Ramirez was already sorely familiar with these impacts. A third-generation Mexican-American, she notes that her great-grandfather moved from Michoacán with the promise of working in the U.S. Steel South Works plant in Chicago. Her family was proud of his work—and that of her grandfather and father, who followed in his footsteps; Ramirez says they helped produce steel used to construct countless buildings in the city. But it also took a toll. Growing up, Ramirez’s mother, who has asthma, would find red soot on top of her father’s car. Today Ramirez worries about the effect of the manganese on the health of her son, Evan, who has autism.

Ramirez with her husband and son in their home

Rebecca Karamehmedovic

The more Ramirez learned about the pollution in her backyard, the more determined she grew to intervene. In 2014 she connected with various grassroots environmental groups (including the Southeast Side Coalition to Ban Petcoke, where she is now a co-chair), working to bring awareness to the threats that locals faced from petcoke and manganese. The following year, she joined the staff of NRDC as a program assistant. As part of her work both at NRDC and with local groups, Ramirez goes door-to-door to meet with neighbors, some of whom still work in the area’s manufacturing industry. She explains the health hazards they face and encourages them to attend meetings with lawmakers to press for stricter laws against the pollutants in their community.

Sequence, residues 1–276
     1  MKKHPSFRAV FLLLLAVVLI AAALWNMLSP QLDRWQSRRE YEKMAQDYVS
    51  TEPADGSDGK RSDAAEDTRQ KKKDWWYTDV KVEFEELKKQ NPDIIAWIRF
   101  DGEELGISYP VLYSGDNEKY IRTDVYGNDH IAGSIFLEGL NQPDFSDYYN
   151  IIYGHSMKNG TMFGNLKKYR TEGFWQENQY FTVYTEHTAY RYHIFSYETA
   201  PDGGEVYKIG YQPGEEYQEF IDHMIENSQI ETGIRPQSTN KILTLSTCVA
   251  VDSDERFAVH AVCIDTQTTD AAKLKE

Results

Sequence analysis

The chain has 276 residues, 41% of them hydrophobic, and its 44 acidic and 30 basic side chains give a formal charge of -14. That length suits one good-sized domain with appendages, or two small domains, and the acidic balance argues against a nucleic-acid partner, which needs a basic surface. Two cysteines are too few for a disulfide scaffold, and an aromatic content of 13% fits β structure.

“This work is important to me because it has a direct impact on my life and on the lives of those I love,” Ramirez says.

Meleah Geertsma, a senior attorney with NRDC, says Ramirez’s role both as a Southeast Side advocate and as a member of the NRDC team has been pivotal in making progress in their shared fight. For example, her on-the-ground activism helped lead Chicago city officials to require air monitors from companies. They also agreed to set up a text-message alert system so residents could take proper precautions in the event of a petcoke wind advisory. And, even more critically, the piles of petcoke have now largely been removed as a result of the community’s advocacy.